The Intersection

i-a243d4a9a5c4fb9ab99162a30fd940bc-Sea Cucumber.jpg

We already know everyone’s favorite echinoderm is a far-eastern delicacy, has purported aphrodisiac qualities, and is a real life shape shifter even J. K. Rowling couldn’t dream up… but according to an international team of scientists, the under appreciated sea cucumber may just be a veritable miracle worker to boot!

Not only are these critters up to regenerating our organs and bringing eyesight to the blind, now they’re potentially stopping the spread of malaria which might one day save millions of lives.

It’s like the second coming… errr, for holothurians.

From PLoS Pathogens:

Malaria is arguably the most important vector-borne disease worldwide, affecting 300 million people and killing 1-2 million people every year. The lack of an effective vaccine and the emergence of the parasites’ resistance to many existing anti-malarial drugs have aggravated the situation. Clearly, development of novel strategies for control of the disease is urgently needed. Mosquitoes are obligatory vectors for the disease and inhibition of parasite development in the mosquito has considerable promise as a new approach in the fight against malaria. Based on recent advances in the genetic engineering of mosquitoes, the concept of generating genetically modified (GM) mosquitoes that hinder transmission by either killing or interfering with parasite development is a potential means of controlling the disease. To generate these GM mosquitoes, the authors focused on a unique lectin isolated from the sea cucumber, which has both hemolytic and cytotoxic activities, as an anti-parasite effector molecule. A transgenic mosquito expressing the lectin effectively caused erythrocyte lysis in the midgut after ingestion of an infectious blood meal and severely impaired parasite development. This laboratory-acquired finding may provide significant implications for future malaria control using GM mosquitoes refractory to the parasites.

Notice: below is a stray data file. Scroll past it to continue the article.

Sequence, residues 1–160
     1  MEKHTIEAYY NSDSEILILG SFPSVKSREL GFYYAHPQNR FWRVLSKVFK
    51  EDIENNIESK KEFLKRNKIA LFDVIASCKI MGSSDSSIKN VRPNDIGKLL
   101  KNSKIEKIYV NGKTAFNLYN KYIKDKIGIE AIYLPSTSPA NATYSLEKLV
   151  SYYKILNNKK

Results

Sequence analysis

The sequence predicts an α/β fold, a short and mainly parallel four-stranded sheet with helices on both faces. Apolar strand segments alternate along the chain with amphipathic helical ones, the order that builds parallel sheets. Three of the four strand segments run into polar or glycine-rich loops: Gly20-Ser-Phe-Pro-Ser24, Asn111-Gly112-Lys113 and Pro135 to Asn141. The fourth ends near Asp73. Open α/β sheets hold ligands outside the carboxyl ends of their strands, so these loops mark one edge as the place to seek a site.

Yet another reason to marvel at the ever charismatic cuke–and I couldn’t be prouder of the little guys!


  1. #1 Coturnix
    December 21, 2007

    Hey, you never showed us that PDF on the last link – it is cool! Sea cucumbers rock! Just you wait another year or two and it will overshadow even the sacred Cephalopods!

  2. #2 _Arthur
    December 21, 2007

    What are the Intelligent Design predictions about malaria, anopheles mosquitoes and sea cucumbers ?

    You wisely predict that if it takes more than 2 point mutations for the plasmodium parasite to adapt to the lectin, it would take 1 million years to do so, and when the parasite does adapt within 5 years, with 4 point mutations, you claim it is a MIRACLE, a direct intervention of Designer-Guy ?

    Some science.

  3. #3 Philip H
    December 21, 2007

    _Arthur, you seem to have misplaced both your Christmas Spirit an dyour sense of wonder ta the natural world. Miracles can be justly claimed by scientists when natural systems, including organisms, do things far faster, in more unique ways, or to an unforseen endpoint that science and its statistics just couldn’t predict. What Sheril is talking about is an occurence at the very end of the error bar that bounds the confidence interval. That nature would choose that pathway is miraculous – whether the miracle is God-driven or statistically driven is besid ethe point.

    Merry Christmas.

  4. #4 Jennifer L. Jacquet
    December 22, 2007

    When I saw the article in PLoS, I knew you wouldn’t be able to resist!

  5. #5 Macnerdzcare
    December 23, 2007

    sea cucumbers looks cute too 🙂

  6. #6 raj
    December 25, 2007

    You’re a drummer?

    You’re in good company. Richard Feynman was a drummer, too. As well as a science popularizer, and a Nobel Prize recipient. Best wishes, and here’s hoping that maybe you can be an NP recipient, too.

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